Smith helps break ground for new homes for veterans at risk of homelessness

Smith helps break ground for new homes for veterans at risk of homelessness


TINTON FALLS, NJ— Rep. Chris Smith (NJ-04), who worked with local officials for a decade to bring a modern housing project and services to homeless veterans, was one of the guest speakers today at a groundbreaking for the innovative housing complex in Monmouth County.


Smith said Monmouth County Freeholder Lillian Burry was “the quarterback” in the effort to see the project through to fruition.

I have been proud to do my part in finding a Monmouth County home for Soldier On, and I promise you I will continue to be an active supporter as it moves from design through construction to the day that it opens its doors and welcomes its very first veteran home,” Burry said.

Said Smith, “I am especially grateful to Freeholder Lillian Burry for her extraordinary dream of a creating a Monmouth County homeless veterans housing initiative, and for her tenacity and skill in making it happen. For nearly a decade, Lillian has been the quarterback in the push to meet the compelling housing and service needs of homeless veterans—and there have been many setbacks along the way, including an inability to secure space at Fort Monmouth.”


According to the VA, in 2001 there were 294,840 homeless veterans on any given night,” said Smith, whose landmark 2001 law for homeless veterans first authorized funding for the U.S. Dept. of Housing and Urban Development-Veteran Affairs Supported Housing (HUD-VASH) program. “Shocked and deeply concerned, I chaired a series of congressional hearings on how to help homeless vets, and wrote the historic Homeless Veterans Comprehensive Assistance Act of 2001, (Public Law 107-95).  Almost 20 years later, that number has dropped to 37,085. Progress, but still far too many.


Among its many provisions, Smith’s law authorized, for the first time, the HUD-VASH program, which will be tapped as a major source of future rental assistance funding for veterans who will be living at the housing complex.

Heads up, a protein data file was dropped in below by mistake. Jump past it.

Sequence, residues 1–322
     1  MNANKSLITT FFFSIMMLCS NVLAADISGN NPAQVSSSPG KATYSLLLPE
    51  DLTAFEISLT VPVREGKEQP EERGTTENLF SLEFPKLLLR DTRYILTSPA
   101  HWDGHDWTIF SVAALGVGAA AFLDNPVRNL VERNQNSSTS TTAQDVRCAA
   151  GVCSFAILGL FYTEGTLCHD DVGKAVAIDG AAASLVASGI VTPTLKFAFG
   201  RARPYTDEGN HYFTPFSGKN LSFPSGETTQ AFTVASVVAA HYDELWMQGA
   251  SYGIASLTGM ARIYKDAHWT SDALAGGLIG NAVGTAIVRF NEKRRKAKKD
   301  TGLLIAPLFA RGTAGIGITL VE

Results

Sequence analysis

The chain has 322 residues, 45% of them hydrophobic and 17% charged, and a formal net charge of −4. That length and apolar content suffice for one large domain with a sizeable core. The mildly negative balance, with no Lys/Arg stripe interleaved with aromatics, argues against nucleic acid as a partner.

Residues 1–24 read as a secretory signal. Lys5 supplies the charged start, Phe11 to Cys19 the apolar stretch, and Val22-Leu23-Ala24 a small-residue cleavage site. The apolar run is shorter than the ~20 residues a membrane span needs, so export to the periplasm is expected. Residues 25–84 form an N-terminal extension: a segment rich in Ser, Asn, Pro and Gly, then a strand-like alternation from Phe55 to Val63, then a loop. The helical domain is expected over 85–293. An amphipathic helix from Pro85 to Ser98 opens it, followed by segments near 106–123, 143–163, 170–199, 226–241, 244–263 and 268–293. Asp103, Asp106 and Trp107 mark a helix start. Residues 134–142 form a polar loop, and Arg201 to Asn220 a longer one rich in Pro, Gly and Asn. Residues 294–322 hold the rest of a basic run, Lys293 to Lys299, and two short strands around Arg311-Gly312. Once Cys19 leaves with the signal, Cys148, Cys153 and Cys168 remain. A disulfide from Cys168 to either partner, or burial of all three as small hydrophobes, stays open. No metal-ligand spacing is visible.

The Gordon H. Mansfield Veterans Village in Tinton Falls will be run by the non-profit organization Soldier On, and will consist of a four-story building with apartments that will be available to veterans at a range of low and moderate income levels.


About 50 people attended the groundbreaking ceremony held at Monmouth County Liberty Park just north of the 12-acre project site located on Essex Road in Tinton Falls Borough. About $8 million in federal funding will help pay for construction. The remaining costs will be financed by the developer and the NJ Housing and Mortgage Finance Agency.


Today construction begins on Soldier On and WinnDevelopment’s $23 million, 70 one-bedroom housing units,” Smith said. “Thank you Tinton Falls for welcoming the project.”


Smith praised Soldier On’s leaders, President Jack Downing and CEO Bruce Buckley, for their tireless efforts to help vets who are homeless or at risk of becoming homeless.


Soldier On—thanks Jack Downing and Bruce Buckley—has created world-class home ownership opportunities coupled with vital services for homeless veterans, and the impact has been enormous and life changing,” Smith said. “For the first time in years—even decades—many veterans will finally have a decent place to live and hope and prosper.”


Smith, who served as the two-time Chairman of the House Veterans Affairs Committee and has authored 14 laws to help veterans, has worked closely with the Freeholders and Soldier On since 2011 to bring veteran services, including the critical housing project, to New Jersey. Smith supported funds through the Veteran Administration’s (VA) Supportive Services for Veteran Families (SSVF) grant program. Over the past eight years, Soldier On has received $31 million from the VA’s SSVF grants program for New Jersey, serving thousands of veterans by not only helping provide a roof over their heads and food to eat, but also critical tools to break the cycle of homelessness, such as job training, substance abuse services and mental health counseling.


Smith helped Solider On first come to New Jersey in 2011, assisting the Massachusetts-based organization to obtain a $1 million VA SSVF grant in 2012 to help veterans in his district in Monmouth, Ocean and Burlington counties, plus Middlesex and parts of Mercer. That work later expanding to serve nine counties, adding all of Mercer, Somerset, Bergen, Hudson and Essex. Today it also manages similar veteran housing operations in New York and Massachusetts, providing 177 homes, with another 152 in various stages of development.


Smith wrote to VA Secretary Eric Shinseki in February 2012 about the grants and housing project seeking VA support. Smith announced the first grants in in 2012 and 2013 and fought for funding in 2015. Smith also sent letters of support for Soldier On to Gov. Christie and Lt. Gov. Oliver and the NJ Housing and Mortgage Financing Agency in 2017. In 2020, he led a bipartisan letter supporting $47 million for the HUD-VASH program.


This has not been my effort alone. Like most worthwhile undertakings, it has had strong hands and hearts moving it forward,” Burry said, who thanked everyone who contributed at the state, county and local levels of government, plus private citizens and Soldier On. She said of Smith’s efforts: “He has been a dedicated supporter throughout this process, and his work in Washington has been invaluable.”

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